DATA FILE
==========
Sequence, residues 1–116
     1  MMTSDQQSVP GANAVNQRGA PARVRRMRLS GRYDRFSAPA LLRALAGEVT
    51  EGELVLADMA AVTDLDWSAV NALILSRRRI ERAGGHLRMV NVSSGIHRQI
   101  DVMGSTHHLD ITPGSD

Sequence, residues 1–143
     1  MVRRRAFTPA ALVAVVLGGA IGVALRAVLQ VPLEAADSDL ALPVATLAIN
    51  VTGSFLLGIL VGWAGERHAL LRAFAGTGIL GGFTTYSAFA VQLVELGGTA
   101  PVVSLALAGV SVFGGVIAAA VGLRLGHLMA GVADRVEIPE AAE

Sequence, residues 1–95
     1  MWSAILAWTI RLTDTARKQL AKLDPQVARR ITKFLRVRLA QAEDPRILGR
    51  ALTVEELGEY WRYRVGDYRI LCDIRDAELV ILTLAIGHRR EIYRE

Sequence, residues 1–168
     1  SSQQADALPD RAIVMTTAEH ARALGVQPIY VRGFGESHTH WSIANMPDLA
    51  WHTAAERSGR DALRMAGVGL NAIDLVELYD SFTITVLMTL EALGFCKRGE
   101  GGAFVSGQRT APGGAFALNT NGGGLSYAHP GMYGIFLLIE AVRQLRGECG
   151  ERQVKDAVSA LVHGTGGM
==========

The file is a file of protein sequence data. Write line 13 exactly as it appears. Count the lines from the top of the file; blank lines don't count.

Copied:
     1  SSQQADALPD RAIVMTTAEH ARALGVQPIY VRGFGESHTH WSIANMPDLA